Understanding Switching Costs — Mental Gymnastics

Michael Fisher
4 min readSep 20, 2018


Manual central switchboard 1900 — Britannica

Back in the olden days, the late 1980's and early 1990’s — days of the 80286, 80386, and 80486 Intel processor chip series, there was concern over switch costs, which was the identification of chip latency and overall utilization based on the number switches and their frequency. Effectively a reduced capability due to the “cost” of switching tasks in a multithreaded environment. However switching costs are in today’s vernacular when it relates to investments of time and money; such as changing suppliers, changing brands, or even changing products. There is a physical and psychological investment in developing those original supply bases, in that it costs effort, both mentally and physically, to change brands. For example, you wish to change banks. Think of the switches, the changes you have to make from all the accounts you have. Deposits, automatic payments, checks, debit cards, all the changes that have to take place. The amount of time and effort you have to invest in doing that chore is mind-numbing. It is also stressful to manage all those activities. Did you miss one? Better go back and check! Yet, those efforts have a cost like the CPU examples above. You could be doing something else, more educational, more beneficial, more entertaining, but you have to switch to do those chores.

However, the switching costs we fight daily is a combination of both. The brain is like a computer, and we have a mental task of switching tasks when we are “multitasking.” Additionally, the psychological mental switching costs that occur throughout the day are heavily impacted in our use of the internet, social media, electronic devices, computers and the rapid-fire conversations we have interrupting us throughout our workplace and homelife daily. Seconds, minutes, and hours slip by.

“silhouette photo of lightning” by Kiahna Mollette on Unsplash

Switching costs are the cost of lost time when you mentally transition from one topic to another. These topics can be related, but they are typically unrelated to one another. A personal example of this occurred when helping my daughter study for her spelling test while I was also checking her math at the same time. My brain was doing cartwheels and handsprings when I would transition from one subject to the next, taking a couple of mental stutters before I could register what my mental intent was as I moved between topics. I would deliver her spelling word, use it in a sentence and switch to her math and begin doing the calculations while she was writing her words down. While I was doing the calculation checks, she would be ready to audibly spell the word back to me to check. If I did not stop the calculation checks, I was unable to concentrate on the word as it was spelled back to me, forcing her to repeat it (with an exasperated sigh I might add).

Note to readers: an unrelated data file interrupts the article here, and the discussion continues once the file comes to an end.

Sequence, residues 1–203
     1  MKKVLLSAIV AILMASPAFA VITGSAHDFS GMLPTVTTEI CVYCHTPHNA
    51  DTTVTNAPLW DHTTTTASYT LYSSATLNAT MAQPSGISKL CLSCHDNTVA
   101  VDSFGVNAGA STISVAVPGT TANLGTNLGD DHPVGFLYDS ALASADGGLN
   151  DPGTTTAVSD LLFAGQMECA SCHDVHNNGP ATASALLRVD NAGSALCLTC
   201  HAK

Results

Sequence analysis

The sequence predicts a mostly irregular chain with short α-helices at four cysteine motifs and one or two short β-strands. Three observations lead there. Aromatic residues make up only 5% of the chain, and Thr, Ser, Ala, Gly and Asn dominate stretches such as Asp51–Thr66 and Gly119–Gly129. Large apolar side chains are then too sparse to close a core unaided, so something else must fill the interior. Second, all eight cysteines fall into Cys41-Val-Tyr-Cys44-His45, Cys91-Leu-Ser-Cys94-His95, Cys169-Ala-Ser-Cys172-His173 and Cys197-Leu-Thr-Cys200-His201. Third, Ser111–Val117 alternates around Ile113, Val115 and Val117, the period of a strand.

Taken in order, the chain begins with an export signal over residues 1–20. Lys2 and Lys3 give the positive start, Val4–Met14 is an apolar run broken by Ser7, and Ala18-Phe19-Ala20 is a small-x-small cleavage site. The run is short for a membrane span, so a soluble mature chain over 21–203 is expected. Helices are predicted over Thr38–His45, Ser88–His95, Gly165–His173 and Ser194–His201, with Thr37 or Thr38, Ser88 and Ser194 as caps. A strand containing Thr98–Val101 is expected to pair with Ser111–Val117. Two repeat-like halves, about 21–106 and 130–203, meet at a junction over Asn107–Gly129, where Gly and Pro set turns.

When I was working on the math in my mind and was required to transition to the other sheet of paper of the spelling words, my eyes were searching for the last word she finished and it would take a few seconds for me to register what was the next task in line. The same would occur when moving from spelling words back to the math. I would lose my place in the calculation sequence and need to return to the beginning of the equation. This multitasking, these switching costs, were causing us to take longer and be significantly inefficient in her studies.

The same switching cost affects you in your work every day the moment you pick up your phone, the moment you move from one program to the other, from a document to a spreadsheet to a CAD screen. Or the moments you lose while working and the email window or IM window pops up, distracting your eyes from your actions, or you see an interesting internet story and someone comes to discuss something with you. Your mind is not in tune with the actions happening when you switch mentally to these occurrences. You lose track of the conversation — pretend listening — and are unable to grasp what the topic that is immediately at hand. Your brain has to switch, re-align with the topics that you are presented with, and in that time one, two, three seconds are lost every time you do a switching cost. Every time you switch or transition. Every time you multitask.

Think of how many times you check your email daily.

How many times do you check your phone for new messages? Or new posts?

How many times do you return to your computer screen and see that you have 14 various windows open and have to close out all of them to get back to a point where you can begin processing information again?

Stop doing that.

Focus on the work immediately on hand. Have the discipline to stay working on that ONE action. Have the ability to say “please come back later or schedule some time when we can both focus and talk.” Turn off your reminders. Turn off your alerts. Focus and stop wasting time and energy throughout your day. Be more effective. Be more efficient.

Go forth and be brilliant!



Michael Fisher

altMBA alumnus. In and around manufacturing and business for more than 25 years in different levels of leadership. Always trying to poke at the status quo.